January 21, 2016 was a normal day. I had rushed getting all three kids of to school and I was teaching Social Studies to my fifth grade class when a colleague ran into my room. She told me that Drew was having an asthma attack in the cafeteria. My six year old was eating lunch with his classmates, when he felt faint like and complained his heart hurt. He was very pale and sweating profusely. I carried him to the clinic. That is where his lips started turning blue and we decided to call 911.
The ambulance transported us to Scottish Rite. Within a couple hours of our arrival, they found a mass (the size of my fist) between his chest wall and heart. The doctor started using words like benign, malignant, and oncologist. I immediately called my husband to join me at the hospital.
We were immediately transferred to Egleston because of their anesthesiologist cardiologist. Cancer did not honestly sink in until we were pushing Drew’s gurney through the doors of AFLAC Cancer & Blood Disorders wing. My eyes immediately teared up and I knew my baby had cancer. Within 24 hours of calling 911, my child was diagnosed with Stage IV T-Lymphoblastic Lymphoma and had chemo running through his veins.
AFLAC became our second home and we were all handled with care and love during the first few days of being introduced to cancer. Our new home had hallways filled with children that had no hair, some were riding along the bottom of their IV stands, some wore masks, and others were too sick to leave bed. However, these sick kids still smiled, still laughed, and still played. There were so many contradictions going on in one place and it overwhelmed my emotions very much.
We were honest and upfront with Drew from the beginning by telling him he had cancer. It was very difficult to explain cancer to our six year old, but we would learn shortly that our six year old is very strong. Drew quickly became angry. He wanted to go home, see his siblings, his friends, and return to school. These were not options for Drew. AFLAC saw Drew through his anger and fear through kind doctors, patient nurses, child life specialists, psychologists, and a therapy dog named Fauna. AFLAC became our family and they too were going to do everything to see us through this cancer. We were told that we would stay at Egleston for 28 days. I took leave from my job and we called in our family and friends for help.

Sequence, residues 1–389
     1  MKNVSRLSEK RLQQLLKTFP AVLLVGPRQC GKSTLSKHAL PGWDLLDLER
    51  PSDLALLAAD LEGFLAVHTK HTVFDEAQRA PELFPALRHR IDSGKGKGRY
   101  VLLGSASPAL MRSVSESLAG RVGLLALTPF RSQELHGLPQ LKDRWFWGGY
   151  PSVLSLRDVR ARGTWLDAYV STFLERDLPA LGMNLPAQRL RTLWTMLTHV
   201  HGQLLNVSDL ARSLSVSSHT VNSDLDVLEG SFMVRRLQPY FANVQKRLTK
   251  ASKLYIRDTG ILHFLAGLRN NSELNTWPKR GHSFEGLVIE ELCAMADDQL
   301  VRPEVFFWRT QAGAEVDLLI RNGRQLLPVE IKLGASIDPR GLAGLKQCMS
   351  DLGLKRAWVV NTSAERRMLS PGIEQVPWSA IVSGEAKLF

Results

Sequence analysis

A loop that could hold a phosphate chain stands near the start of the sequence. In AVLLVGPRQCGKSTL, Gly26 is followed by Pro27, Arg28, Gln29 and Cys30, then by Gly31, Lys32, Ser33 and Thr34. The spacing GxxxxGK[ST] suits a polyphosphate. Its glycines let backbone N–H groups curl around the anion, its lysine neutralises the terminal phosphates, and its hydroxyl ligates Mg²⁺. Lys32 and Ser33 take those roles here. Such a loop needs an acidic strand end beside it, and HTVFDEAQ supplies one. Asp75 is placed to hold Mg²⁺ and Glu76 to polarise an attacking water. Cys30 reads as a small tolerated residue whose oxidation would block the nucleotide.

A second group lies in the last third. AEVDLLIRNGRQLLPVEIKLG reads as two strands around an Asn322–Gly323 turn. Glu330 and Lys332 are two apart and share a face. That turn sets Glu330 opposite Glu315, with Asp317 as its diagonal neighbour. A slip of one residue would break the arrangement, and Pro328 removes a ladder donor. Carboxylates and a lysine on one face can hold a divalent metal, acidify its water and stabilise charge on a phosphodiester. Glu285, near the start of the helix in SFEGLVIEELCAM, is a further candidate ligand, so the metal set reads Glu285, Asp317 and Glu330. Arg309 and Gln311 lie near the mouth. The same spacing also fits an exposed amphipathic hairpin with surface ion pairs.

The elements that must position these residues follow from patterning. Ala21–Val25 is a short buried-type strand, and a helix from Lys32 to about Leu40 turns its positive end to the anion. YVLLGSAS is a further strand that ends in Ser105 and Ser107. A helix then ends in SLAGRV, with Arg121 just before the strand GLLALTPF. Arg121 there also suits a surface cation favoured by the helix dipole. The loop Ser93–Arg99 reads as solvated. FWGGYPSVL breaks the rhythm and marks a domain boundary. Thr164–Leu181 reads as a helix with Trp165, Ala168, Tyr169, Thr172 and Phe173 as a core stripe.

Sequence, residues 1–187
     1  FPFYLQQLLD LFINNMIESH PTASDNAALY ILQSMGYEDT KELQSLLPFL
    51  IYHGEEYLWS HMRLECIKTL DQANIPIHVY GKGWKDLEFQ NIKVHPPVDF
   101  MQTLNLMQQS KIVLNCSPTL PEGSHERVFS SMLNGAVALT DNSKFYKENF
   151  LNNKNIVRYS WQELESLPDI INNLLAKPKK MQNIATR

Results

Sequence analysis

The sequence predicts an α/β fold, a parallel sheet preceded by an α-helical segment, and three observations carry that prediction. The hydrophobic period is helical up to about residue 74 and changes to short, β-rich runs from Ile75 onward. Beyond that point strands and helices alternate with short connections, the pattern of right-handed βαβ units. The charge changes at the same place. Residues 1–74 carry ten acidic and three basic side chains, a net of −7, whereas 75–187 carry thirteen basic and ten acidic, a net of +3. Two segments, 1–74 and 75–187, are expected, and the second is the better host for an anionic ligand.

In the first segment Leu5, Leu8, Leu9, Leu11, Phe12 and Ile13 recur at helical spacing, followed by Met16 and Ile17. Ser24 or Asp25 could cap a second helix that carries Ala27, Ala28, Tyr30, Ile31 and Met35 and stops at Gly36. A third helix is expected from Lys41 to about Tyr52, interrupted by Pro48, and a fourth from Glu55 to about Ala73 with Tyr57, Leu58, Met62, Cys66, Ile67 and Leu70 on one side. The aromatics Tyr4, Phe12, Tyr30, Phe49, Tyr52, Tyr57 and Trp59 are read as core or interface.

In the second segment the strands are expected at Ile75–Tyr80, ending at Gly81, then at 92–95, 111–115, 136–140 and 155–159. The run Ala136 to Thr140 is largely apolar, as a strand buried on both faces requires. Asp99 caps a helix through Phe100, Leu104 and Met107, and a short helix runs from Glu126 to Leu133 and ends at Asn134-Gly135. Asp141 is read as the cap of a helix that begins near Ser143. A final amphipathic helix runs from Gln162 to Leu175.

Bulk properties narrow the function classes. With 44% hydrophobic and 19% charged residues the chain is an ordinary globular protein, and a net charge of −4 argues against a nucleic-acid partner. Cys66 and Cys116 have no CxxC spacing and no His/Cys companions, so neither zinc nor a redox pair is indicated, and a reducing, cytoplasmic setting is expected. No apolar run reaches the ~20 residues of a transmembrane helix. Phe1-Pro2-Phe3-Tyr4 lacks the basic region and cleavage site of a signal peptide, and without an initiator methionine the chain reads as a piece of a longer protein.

We were blessed, Drew responded well to chemo and we went home on day 10. We had some complications along the way like a blood clot and rhinovirus, however the tumor was gone after 28 days and the 16% cancer found in his bone marrow was reduced to .01%. We were thrilled and thankful to our AFLAC team…our child was cancer free. However the real battle was just about to begin. At the end of consolidation (second stage of chemo), Drew was very neutropenic (no immunity). This was anticipated with the stage of chemo he had received. The chemo wipes out everything, even the good blood cells. He had no white blood cells to fend off infections. He ended up having 4 infections. One turned into sepsis and we almost lost out child twice. He was moved to PICU and Stayed there for 5 weeks. He was intubated, sedated, and put on dialysis hoping it would allow his body to recover.
After two weeks, my sleeping dragon awoke. He is doing much better and has returned to his chemo plan. Two months later, he stil receives OT and PT to improve his strength. He went from not able to stand to fully walking again. We are blessed.
However, we are saddened by the reality of how little money is used for childhood cancer research. Only 4% of raised money goes to childhood cancer research. We will do anything to help raise money and awareness, so treatment will improve and hopefully one day kids won’t have to fight cancer.